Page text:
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Why Africa might take the ecclesial lead.
With the surprise abdication of Roman Catholic pontiff Benedict XVI on Monday, discussions of candidates for succession are already coming to the fore — several prominent African cardinals among them.
Ghana's Cardinal Peter Kodwo Appiah Turkson, for example. The 64-year-old, currently head of the Pontifical Council for Justice and Peace, is considered a "superstar in the College of Cardinals, a great communicator, and symbol of the global reach of the Church," wrote Business Insider.
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Another name making waves is Nigeria’s Cardinal Francis Arinze. However, it isn't the first time his name has been floated — eight years ago, during deliberations that led to Benedict XVI's selection, Arinze was also the subject of papal buzz. When he retired from a Vatican post in 2008, however, Time magazine said he was likely "out of the running for the top job."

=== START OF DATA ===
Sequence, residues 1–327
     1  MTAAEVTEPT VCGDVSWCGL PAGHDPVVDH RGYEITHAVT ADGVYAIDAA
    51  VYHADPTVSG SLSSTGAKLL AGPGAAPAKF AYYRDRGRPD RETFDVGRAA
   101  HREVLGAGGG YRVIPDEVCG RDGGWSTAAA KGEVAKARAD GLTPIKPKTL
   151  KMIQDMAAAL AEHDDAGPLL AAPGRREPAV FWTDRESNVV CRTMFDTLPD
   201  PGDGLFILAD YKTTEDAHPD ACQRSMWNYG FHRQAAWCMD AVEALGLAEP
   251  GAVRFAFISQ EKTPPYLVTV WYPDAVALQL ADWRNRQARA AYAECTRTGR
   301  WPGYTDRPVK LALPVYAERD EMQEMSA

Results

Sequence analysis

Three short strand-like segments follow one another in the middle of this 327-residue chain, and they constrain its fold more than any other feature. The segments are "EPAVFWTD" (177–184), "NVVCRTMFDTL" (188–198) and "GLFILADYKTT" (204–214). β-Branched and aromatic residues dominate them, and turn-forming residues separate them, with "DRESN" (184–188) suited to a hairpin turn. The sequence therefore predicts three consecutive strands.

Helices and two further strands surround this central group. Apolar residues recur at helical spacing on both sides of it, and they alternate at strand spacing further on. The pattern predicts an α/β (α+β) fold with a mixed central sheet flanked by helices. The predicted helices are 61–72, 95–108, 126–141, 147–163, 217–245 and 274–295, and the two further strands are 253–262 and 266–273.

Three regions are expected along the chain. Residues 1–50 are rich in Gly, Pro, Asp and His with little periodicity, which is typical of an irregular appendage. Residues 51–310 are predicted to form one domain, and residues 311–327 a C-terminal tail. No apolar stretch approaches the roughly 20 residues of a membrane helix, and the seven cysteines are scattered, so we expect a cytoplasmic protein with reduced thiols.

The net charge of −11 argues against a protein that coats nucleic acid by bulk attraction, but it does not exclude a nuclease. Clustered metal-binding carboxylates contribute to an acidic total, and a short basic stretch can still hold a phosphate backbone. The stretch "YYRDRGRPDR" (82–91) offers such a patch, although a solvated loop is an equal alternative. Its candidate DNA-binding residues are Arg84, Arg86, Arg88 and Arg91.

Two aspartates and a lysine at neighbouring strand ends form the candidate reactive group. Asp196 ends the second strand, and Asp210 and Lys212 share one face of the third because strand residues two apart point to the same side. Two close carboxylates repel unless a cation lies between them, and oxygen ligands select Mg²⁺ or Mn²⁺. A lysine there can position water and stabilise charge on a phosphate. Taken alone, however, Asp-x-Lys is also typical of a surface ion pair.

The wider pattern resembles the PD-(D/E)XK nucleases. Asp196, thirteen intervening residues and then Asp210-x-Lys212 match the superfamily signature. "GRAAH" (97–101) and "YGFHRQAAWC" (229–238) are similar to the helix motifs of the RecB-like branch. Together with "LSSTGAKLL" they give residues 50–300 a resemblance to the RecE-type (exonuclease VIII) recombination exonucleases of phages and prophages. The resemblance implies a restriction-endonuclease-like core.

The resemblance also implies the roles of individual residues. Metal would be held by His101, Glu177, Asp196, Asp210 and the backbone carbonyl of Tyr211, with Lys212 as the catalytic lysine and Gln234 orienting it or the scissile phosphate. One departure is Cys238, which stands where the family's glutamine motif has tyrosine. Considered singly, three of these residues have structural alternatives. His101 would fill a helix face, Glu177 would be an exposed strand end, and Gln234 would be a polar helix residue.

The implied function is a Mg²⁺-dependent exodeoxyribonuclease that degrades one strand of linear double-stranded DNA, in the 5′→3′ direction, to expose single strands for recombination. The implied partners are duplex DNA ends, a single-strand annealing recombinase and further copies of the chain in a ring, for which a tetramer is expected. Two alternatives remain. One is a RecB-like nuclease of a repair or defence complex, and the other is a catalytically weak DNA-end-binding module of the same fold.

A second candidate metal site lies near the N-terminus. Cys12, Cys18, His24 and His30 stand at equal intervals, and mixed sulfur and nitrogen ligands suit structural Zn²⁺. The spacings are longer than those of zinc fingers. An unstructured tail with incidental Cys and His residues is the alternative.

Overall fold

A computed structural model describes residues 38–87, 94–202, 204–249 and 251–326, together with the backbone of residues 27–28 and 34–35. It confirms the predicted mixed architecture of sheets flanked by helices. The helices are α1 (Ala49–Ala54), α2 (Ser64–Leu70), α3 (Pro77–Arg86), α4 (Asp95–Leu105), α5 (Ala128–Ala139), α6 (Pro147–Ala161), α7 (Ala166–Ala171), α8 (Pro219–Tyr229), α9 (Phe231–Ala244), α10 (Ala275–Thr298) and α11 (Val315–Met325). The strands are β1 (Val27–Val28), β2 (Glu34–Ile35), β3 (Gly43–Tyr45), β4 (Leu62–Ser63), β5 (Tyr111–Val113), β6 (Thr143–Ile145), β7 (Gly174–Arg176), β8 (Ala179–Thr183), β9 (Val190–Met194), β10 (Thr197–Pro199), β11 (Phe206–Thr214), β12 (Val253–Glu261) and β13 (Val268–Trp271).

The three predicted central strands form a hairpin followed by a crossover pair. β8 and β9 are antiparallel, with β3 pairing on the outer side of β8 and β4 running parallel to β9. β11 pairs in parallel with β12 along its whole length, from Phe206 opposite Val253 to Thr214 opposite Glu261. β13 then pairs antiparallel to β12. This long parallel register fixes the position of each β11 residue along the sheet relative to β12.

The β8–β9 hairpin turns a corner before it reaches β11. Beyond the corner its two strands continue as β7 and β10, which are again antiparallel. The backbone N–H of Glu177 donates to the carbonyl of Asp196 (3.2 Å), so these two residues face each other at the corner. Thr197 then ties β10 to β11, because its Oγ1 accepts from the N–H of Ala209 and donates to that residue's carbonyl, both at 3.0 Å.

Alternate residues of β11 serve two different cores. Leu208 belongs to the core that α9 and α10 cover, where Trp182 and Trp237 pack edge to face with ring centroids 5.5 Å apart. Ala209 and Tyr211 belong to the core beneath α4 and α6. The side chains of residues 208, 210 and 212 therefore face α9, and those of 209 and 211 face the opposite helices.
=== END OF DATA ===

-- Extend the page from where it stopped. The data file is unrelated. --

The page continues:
All bets are on, with Catholic nations like Ireland quick to conjecture. Paddy Power, the nation's top bookmaker, had a list of names deemed most “papabile" at the ready, according to IrishCentral, with the two African cardinals and Cardinal Albert Malcolm Ranjith of Colombo-Sri Lanka among the top five.
The newly-abdicated pope, formerly Cardinal Joseph Ratzinger, will not participate in the College of Cardinals' conclave for his successor, according to Catholic World Report.
The Cardinals-only event communicates to the world by smoke signal: white meaning someone has been chosen, and black meaning continued deliberation.